Local artist has a way with fickle felines
This article originally appeared in the St. Louis Beacon. - Artist Jay Thompson and his granddaughter Jessica literally herd cats. And yes, it’s a two-person job.
When they visit an animal shelter, Thompson woos readily approachable felines while Jessica, 10, wrangles more prospects. But their goal is not to adopt or just play with these cats but to immortalize them in Thompson’s Cat Works photography.
In exchange, he gives the shelter $50, free access to the original photographs and a print of a finished work for display or auction.
Thompson’s images of felines in Victorian garb will be exhibited beginning this Friday at the new Clayton Fine Art Gallery, of which he is a member. It’s Thompson’s first exhibition since his 20s, featuring work born of spare time following his 2007 retirement from film animation.
“My cats and I sat around and came up with this concept. And now, here we are,” Thompson said.
Personal and political
Thompson and his wife, Victoria, are currently down to just one cat -- a 5-year-old Balinese named Lucy Lu -- in their Kirkwood home. Her “only-cat” status breaks a family tradition of cats in pairs.
As a lifelong “cat person,” Thompson thoroughly enjoys his Cat Works projects, which involve a digital marriage of cat-face photographs and historical images from the Library of Congress. The works often make purr-tinent (sorry) political statements. Each is accompanied by a fairly extensive narrative, but “you can take it with a grain of salt,” he said.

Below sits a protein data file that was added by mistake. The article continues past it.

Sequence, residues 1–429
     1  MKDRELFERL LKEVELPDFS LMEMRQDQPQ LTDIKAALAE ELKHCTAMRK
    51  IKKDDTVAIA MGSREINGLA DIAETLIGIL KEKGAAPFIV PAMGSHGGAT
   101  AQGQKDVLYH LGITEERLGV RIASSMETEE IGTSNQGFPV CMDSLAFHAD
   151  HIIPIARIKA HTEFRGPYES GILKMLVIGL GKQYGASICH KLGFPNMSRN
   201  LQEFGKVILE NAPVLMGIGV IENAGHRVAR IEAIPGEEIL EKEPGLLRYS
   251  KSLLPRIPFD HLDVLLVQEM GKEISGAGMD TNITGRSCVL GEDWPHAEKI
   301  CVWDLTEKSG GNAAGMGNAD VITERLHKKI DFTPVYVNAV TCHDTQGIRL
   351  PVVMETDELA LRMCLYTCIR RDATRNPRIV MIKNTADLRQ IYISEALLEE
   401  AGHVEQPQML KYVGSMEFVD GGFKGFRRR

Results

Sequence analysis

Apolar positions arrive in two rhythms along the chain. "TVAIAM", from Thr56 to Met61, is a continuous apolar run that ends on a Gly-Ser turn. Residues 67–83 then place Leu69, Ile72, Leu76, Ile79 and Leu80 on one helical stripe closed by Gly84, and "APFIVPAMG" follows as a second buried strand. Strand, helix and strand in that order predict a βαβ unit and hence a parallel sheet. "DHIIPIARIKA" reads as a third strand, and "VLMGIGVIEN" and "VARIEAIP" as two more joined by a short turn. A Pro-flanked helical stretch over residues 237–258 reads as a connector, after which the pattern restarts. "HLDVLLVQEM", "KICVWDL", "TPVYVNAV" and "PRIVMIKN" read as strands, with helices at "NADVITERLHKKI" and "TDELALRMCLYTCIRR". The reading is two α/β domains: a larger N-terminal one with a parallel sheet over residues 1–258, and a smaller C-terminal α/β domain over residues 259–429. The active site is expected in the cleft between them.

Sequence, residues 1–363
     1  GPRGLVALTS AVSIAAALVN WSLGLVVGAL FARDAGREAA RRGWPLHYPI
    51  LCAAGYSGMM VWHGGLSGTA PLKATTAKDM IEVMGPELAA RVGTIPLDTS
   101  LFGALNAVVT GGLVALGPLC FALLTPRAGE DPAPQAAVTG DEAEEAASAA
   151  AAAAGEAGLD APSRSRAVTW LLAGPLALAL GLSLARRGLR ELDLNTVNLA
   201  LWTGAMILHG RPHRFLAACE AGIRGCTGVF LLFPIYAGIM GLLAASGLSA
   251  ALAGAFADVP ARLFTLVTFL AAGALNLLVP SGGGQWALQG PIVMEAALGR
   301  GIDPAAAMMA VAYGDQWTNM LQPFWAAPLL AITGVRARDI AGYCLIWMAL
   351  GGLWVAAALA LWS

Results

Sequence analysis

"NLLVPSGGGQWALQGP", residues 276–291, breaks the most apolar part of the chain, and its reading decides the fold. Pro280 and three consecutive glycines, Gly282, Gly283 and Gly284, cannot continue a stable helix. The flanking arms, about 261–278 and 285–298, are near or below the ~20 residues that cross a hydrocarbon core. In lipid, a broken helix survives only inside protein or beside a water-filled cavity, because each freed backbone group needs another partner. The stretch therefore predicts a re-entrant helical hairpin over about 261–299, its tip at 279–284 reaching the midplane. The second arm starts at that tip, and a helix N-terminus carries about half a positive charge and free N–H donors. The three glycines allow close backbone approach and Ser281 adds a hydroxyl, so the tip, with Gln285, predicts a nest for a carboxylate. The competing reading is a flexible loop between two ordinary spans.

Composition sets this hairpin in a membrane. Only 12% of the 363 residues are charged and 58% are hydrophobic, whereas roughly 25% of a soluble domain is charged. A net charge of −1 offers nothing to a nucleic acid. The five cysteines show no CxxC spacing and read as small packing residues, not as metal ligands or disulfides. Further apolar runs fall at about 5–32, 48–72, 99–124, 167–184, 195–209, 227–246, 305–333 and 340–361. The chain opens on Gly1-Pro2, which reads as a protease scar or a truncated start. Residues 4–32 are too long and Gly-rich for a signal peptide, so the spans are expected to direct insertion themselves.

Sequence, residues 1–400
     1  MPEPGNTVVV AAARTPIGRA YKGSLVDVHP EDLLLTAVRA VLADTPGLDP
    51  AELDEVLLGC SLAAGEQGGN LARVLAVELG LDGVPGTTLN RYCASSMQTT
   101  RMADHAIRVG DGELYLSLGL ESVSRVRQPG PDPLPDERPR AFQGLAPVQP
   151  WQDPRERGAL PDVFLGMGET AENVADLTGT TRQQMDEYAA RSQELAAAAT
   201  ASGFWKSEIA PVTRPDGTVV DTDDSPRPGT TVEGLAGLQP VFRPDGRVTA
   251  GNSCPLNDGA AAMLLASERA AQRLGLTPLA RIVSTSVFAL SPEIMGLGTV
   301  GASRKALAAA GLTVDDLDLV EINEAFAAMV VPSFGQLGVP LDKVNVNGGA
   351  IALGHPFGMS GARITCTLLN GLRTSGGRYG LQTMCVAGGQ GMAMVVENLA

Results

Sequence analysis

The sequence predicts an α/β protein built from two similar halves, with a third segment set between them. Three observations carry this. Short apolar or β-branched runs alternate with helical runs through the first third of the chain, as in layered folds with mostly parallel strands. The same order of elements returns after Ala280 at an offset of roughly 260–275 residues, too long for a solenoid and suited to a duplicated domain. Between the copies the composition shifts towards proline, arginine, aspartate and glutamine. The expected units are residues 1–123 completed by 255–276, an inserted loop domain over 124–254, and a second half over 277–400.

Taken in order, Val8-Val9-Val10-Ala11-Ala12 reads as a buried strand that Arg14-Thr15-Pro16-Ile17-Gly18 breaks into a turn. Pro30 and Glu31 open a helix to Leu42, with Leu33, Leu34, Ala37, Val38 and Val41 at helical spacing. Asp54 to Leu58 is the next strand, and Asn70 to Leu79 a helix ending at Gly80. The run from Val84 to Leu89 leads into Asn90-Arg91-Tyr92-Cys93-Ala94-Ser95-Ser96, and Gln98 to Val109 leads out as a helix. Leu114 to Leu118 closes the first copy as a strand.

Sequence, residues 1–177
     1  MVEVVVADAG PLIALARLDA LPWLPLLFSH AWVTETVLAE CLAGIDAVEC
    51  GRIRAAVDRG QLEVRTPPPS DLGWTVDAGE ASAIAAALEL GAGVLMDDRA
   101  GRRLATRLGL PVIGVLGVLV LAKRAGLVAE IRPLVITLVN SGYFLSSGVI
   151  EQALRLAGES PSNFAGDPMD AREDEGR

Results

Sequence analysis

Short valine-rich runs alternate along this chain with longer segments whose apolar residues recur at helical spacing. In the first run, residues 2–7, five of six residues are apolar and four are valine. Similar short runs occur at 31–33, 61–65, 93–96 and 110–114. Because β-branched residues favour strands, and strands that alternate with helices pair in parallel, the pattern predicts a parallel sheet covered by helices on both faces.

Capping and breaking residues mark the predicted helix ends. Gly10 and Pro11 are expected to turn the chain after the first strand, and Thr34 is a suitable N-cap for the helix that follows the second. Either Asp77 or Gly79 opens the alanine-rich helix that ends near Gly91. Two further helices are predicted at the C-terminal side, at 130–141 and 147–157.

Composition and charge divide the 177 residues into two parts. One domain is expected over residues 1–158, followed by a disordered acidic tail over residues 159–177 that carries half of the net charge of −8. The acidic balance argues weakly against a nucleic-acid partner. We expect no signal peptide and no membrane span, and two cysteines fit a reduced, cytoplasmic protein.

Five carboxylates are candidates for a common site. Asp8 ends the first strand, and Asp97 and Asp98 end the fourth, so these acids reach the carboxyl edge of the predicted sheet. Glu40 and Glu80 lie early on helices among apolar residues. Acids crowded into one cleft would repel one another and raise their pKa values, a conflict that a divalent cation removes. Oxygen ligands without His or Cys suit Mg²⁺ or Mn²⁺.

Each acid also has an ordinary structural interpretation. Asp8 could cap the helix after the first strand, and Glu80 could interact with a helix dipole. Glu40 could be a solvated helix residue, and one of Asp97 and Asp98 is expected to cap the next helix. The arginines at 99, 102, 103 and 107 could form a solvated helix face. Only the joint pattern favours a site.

Thompson’s “She Who Must Be Obeyed” features a feline feminist named Ayesha. Another work, “Keep Calm and Carry On,” shows cat jurors returning from lunch before delivering their verdict in favor of the "Tea and Milk Party." His “Secrecy Promotes Tyranny,” suggests that the mysterious black feline may have once belonged to Dick Cheney.
His themes trend toward liberal points of view, as do the persuasions of most repeat customers, who also tend not to be dog lovers. But many buyers purchase Thompson’s work -- often at art fairs -- simply for its ability to elicit a smile.
“One woman was a couple of months pregnant and was planning her baby’s room,” Thompson said. “She found my work and bought five pieces.”
When Thompson and Jessica visit a shelter -- usually House Spring’s Open Door Animal Sanctuary -- he’ll take up to 500 photographs, hoping to end up with a few dozen useful images.
“My work walks a fine line between kitsch and high art,” he said. “I have to be careful to get the story just right.”
Oh, and if you’re wondering about Thompson’s tricks of the trade -- how to get cats to cooperate -- he boils it down to a couple of suggestions: talk to them and let them sniff you. Sometimes a toy mouse, a feather or a string tied to a stick are useful, and an occasional on-the-job nip or scratch is inevitable. It helps to be sympathetic to the fickle feline mindset.
"I understand cats,” Thompson said. “They know I’m an OK guy and I’m not going to hurt them.”